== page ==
The Impel IM-2 is the latest addition to Carrera’s growing electric assist range, which also includes Bosch-equipped mountain bikes and hybrids, a drop-bar road bike and even electric scooters.
The IM-2’s frame is nicely finished, with tidy welds, hydroformed tubes and a battery neatly integrated into the down tube, a detail only usually found on much more expensive electric bikes.
The battery locks in place and is easy to remove, making off-the-bike charging possible.
The power-assist system is based around a 45Nm/250W rear-hub motor by the Taiwanese ebike specialist Hyena.
How we tested
We tested four ebikes to see if the budget end of the category is now accomplished enough to encourage the commuter to forget about public transport or paying for petrol.
Are the ebikes at this price light enough to make them easy to handle, do their motors provide effective assistance in an urban environment and do their batteries provide a useful range?
In the main, the models on test instilled a sense of how far ebike technology has advanced in a short space of time. Rather than there being any discrepancies in the quality of design, the best model now comes down to how well it suits individual needs, which is by no means a bad place for the category to be in.
Other bikes on test
The Impel IM-2 is backed with a two-year warranty on electrical parts and 500 recharges, or two years, for the battery.
It’s certainly a neatly put-together system, with the wiring from the compact LCD display and integrated front light running through the head tube and frame, for a high-quality look.
The display-cum-controller has a clear display and buttons that cycle through three modes, along with a walk button and a USB-out port.
The battery has a 367Wh capacity, which Carrera claims is good for up to 50 miles. That seems a little generous because I managed between 30.1 miles/48.38km with 1761ft/537m of climbing and 39.7 miles/63.9km with 1259ft/384m of climbs on a succession of rides – in keeping with the ranges achieved by the similar batteries I’ve tested.
The IM-2’s ride is great. Its 650b wheels, short wheelbase, fairly upright riding position and wide bar make for an easy ride, but it’s nippy enough for darting through traffic on, and its 47mm tyres offer enough cushioning and suspension for off-road shortcuts.
The wide, backswept bar shortens the reach and speeds up the steering, which balances the relaxed head angle.
This all makes for a well-balanced ride on poor surfaces and opens up towpaths and byways.
The IM-2’s Vee tyres are rounded like a slick tyre, but with a water-dispersing tread. They’re quite hard, but grip well, even in the wet, and their slight lack of suppleness is a fair trade-off for the tough casing’s puncture protection.
The basic rims stayed true after plenty of abuse, so I’ve no complaints, and the same is true for the drivetrain.
Shimano’s basic nine-speed Alivio rear mech is paired with an Altus shifter and the simple 1x setup proved accurate and reliable.
The Prowheel chainset places the cranks further apart than would be the case with lower-profile cranks, but as with the Mycle Classic it keeps your trouser cuffs away from the chain.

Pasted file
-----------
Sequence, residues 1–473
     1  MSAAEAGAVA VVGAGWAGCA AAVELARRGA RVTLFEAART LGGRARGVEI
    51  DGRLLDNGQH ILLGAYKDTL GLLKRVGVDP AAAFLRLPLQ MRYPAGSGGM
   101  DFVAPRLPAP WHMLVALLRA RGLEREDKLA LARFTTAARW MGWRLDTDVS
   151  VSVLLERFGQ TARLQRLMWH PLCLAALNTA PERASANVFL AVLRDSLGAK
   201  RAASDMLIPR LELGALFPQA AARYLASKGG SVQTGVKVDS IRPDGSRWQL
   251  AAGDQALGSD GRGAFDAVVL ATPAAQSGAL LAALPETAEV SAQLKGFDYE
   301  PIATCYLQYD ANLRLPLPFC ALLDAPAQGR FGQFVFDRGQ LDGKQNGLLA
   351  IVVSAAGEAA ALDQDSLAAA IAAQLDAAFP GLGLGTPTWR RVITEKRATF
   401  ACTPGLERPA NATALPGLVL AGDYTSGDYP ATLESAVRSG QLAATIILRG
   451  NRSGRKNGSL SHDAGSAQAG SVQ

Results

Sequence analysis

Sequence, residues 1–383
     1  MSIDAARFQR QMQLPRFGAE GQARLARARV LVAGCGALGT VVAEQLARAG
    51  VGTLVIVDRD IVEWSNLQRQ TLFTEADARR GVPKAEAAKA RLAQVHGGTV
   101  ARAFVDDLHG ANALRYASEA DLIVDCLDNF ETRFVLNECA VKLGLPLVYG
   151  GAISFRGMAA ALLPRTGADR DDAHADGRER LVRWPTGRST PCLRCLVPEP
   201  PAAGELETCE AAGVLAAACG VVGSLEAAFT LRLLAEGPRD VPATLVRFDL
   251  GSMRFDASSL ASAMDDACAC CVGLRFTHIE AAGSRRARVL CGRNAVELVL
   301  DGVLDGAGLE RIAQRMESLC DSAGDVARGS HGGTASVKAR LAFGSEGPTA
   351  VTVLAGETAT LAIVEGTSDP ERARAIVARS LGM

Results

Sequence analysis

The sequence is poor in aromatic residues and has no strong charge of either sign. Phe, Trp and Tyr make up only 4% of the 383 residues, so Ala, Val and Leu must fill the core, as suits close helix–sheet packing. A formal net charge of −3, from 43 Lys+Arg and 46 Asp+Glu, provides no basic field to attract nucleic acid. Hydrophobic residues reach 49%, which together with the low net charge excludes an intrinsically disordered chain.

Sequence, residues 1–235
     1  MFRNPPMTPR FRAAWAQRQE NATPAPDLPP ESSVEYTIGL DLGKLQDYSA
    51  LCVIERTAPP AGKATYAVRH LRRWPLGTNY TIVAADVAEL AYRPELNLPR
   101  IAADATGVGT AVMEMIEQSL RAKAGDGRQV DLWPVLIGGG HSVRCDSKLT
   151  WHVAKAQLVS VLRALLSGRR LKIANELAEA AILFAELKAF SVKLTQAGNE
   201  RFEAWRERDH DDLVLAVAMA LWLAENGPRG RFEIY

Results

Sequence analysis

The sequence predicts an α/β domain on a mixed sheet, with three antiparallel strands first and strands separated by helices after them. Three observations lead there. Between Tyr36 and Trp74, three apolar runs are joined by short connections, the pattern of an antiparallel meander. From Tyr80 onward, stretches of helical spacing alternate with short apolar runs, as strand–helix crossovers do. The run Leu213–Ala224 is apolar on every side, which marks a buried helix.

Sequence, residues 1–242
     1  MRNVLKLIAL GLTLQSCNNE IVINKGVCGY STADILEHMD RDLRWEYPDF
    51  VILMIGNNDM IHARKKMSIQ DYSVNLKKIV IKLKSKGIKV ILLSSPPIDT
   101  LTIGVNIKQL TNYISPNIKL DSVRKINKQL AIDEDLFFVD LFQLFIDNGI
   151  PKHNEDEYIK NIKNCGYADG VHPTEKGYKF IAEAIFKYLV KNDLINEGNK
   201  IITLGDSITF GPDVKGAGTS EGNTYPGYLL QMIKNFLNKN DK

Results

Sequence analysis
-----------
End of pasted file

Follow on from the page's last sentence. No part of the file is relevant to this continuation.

The gear range is well suited to commuting, the 38/11 top is big enough for speedy progress, with the 38/36 bottom and 45Nm of torque enabling me to crest some of my steepest local hills, well beyond anything you’ll find in most towns.
Tektro’s cable disc brakes lack a progressive feel, but stop well enough whatever the weather.
However, as with old-school cantilevers, I found myself grabbing fistfuls of the levers on high-speed descents.
That said, challenging double-digit climbs are unlikely to be on many IM-2 riders’ regular routes.
I’d have liked more control from the brakes, but more significant for a commuter bike is the lack of mudguards, especially on a bike that’s otherwise so well equipped.
It has great contact points in the saddle, bar and grips, and the lights are smartly integrated, but guards are a commuting essential.
The IM-2 mixes comfort and handling, the motor delivers plenty of power and it’s well equipped.Overall, the Carrera Impel IM-2 is a bike that’s better than the sum of its parts. The ride is spot-on, the position is commuting gold and it’s great fun.
The range is sufficient for most commuters and its compact charger can go from empty to full in five and a half hours, great for recharging at work.
For a Little less
- Carrera Subway E
Carrera’s classic Subway hybrid, with its mountain bike-derived styling, has been reimagined with a Suntour rear-hub motor and a down-tube mounted battery that promises a 40-mile range for a bargain price.
For a Little more
- Carrera Impel IM-3
The IM-3 has the same frame, fork and Hyena rear-hub motor as our test machine, but the gearing has been upgraded to Shimano Deore and its higher-capacity 496Wh battery has a claimed range of up to 75 miles.
|Features||Extras: Laite C9 front light, Laite LR C9 rear light
|Headset||1 1/8in alloy|
|Tyres||Veetire Zilent Sport 650x47c|
|Shifter||Shimano Altus trigger|
|Saddle||Carrera memory foam|
|Rear derailleur||Shimano Alivio rear|
|Motor||Electrical system Hyena 36v 250W rear hub motor with internal 367Wh battery, LCD Compact EX display, three modes plus walk mode|
|Handlebar||Carrera alloy flat|
|Available sizes||S/M, M/L|
|Chain||KMC X9 anti-rust|
|Cassette||Shimano Alivio 11-36|
|Brakes||Tektro C310 cable disc|
|Bottom bracket||Unidentified square taper|
|Wheels||Carrera double-wall aluminium, cartridge bearing front hub|